Still, the closer it got to Shavuos, the more disturbed I became — and I wasn’t the only one.

A couple of the men waylaid me after Shacharis one morning. Like me, they’d been part of the kehillah for years, real mainstays of the shul, and they both didn’t seem happy with the turn of events for Shavuos night.

“My sons are all excited for this panel, and I think it’s such a big shame,” Kalman Brown said, shaking his head. “Every year, we learn together all night. Yes, it’s a push, but afterwards, they all feel thrilled. And this year, they’re going to sit downstairs and listen to some therapist talk about how he integrates Torah into his day job.”

“First the Daf Yomi shiur that ended up kind of taking over the Rav’s, and now this,” Dovid Zellman complained. “What are they going to come up with next? It’s like anything that isn’t glitzy and flashy and trendy just isn’t good enough anymore. But this is a shul, not an entertainment center. We didn’t sign up for this. This is not what our kehillah’s supposed to be about.”

I shrugged. “I personally agree with you, but the Rav okayed the program.”

“What’s he supposed to do?” Dovid countered. “He can’t exactly tell them no. That would look like he’s too rigid, enforcing his way of doing things… They say it’s because there’s a need, the young people who can’t sit still, whatever. But they end up taking things too far.”


aking things too far was a good way to put it.

I took the liberty of peeking into the shul’s function hall before davening on the first night of Shavuos. It looked… it looked like it was set up for some mega fancy event. Chair covers, for heaven’s sake! And the tables — how many tables did they need? How much food did they have?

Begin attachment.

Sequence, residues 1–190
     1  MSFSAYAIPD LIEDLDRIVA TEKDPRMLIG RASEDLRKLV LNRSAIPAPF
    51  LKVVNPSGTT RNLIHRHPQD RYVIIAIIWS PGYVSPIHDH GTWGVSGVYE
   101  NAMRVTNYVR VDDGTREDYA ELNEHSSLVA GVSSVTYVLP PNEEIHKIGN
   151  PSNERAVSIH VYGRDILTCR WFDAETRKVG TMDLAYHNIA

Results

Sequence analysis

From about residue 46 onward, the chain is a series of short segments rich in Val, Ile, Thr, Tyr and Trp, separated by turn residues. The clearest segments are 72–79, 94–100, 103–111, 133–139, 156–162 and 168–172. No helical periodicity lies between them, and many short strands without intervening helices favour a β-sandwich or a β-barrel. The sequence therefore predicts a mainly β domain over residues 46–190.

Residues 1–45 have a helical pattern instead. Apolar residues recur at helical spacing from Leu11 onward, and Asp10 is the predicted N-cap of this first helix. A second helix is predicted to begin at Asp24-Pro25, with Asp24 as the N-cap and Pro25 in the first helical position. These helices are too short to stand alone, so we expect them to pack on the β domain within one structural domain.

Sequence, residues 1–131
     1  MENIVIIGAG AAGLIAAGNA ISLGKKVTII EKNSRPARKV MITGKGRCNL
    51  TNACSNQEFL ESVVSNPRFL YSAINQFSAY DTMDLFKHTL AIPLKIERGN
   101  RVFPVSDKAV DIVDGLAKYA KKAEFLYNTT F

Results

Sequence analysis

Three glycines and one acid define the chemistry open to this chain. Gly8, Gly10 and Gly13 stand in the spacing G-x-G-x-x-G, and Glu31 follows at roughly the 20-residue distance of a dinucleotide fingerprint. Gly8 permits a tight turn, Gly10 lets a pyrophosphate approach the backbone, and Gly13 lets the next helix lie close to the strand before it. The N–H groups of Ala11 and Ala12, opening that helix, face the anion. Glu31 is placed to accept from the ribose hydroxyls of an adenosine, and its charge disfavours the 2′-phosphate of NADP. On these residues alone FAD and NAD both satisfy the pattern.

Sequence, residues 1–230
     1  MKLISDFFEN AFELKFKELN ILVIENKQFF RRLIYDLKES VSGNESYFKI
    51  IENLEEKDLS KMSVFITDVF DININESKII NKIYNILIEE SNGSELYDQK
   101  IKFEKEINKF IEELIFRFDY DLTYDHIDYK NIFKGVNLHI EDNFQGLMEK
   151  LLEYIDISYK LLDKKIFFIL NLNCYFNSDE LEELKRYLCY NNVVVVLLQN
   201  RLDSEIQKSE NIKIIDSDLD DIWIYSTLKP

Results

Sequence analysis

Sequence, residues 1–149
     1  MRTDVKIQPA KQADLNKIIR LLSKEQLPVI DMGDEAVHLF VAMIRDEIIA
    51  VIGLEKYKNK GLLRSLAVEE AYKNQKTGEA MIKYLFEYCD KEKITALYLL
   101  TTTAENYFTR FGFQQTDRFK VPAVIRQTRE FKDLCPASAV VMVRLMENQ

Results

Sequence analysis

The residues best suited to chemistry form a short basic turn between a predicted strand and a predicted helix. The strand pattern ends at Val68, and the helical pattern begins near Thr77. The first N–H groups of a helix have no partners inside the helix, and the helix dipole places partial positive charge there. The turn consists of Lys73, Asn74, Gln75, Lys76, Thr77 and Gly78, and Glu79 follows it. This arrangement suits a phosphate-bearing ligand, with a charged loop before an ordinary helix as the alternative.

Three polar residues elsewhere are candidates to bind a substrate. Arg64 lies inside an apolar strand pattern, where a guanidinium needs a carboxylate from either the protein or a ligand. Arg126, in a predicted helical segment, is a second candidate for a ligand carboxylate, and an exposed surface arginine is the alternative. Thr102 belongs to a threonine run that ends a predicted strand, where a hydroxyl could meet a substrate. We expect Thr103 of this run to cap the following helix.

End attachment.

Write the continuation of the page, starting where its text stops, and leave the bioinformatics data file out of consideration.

A detour to the kitchen gave me my answer. There were five hot plates plugged in, and a look inside the fridge revealed it to be jammed with foil containers — quiches and lasagnas and salads and blintzes; cheesecakes and cream puffs and mousse cups and more. Then there were boxes of non-perishables, meringues and cookies and paper goods and, and, and…

Forget about the learning. How could anyone even eat so much at night, after an entire Yom Tov meal?

What were these guys thinking?

Maariv, seudah, and back to shul for a night of learning. Usually, the beis medrash is packed, there’s a kol Torah of fathers learning with sons, men with their chavrusas, children chazering and avreichim arguing over pshat, the occasional burst of chatter near the back table, which is where the coffee and cheesecake platters reside.

This time, though, the difference was obvious. People trooped into shul and then split off in two directions — some to the beis medrash, but others (more?!) to the function hall. The Downstairs Program.

Even once we were sitting and learning, the beis medrash seemed to empty more with each passing hour. I had this vision of the men around me holding out a little longer, a little longer — then giving in to the pull of the glamour downstairs (and, okay, the lasagna).

“Ta, we’re going to get some cake, okay?” my sons said at some point.

“Sure, go ahead,” I told them, thinking they would head over to the back table and come back with their plates.

A few minutes later, I turned around. They were nowhere to be seen. Oh, right. Cake — downstairs.

They didn’t come back up to join me. And there was no way I was going to walk out of the beis medrash now, not with the message that would convey.

At around 2 a.m., there was what could only be called a mass exodus. Gemaras closed, chairs scraped back, a couple dozen men streaming through the aisle to leave.

“What’s going on?” I asked one, as he walked by.

“Reb Binyamin’s speaking now, downstairs. He’s supposed to really be something, I don’t want to miss it. Give me energy for the rest of the night.”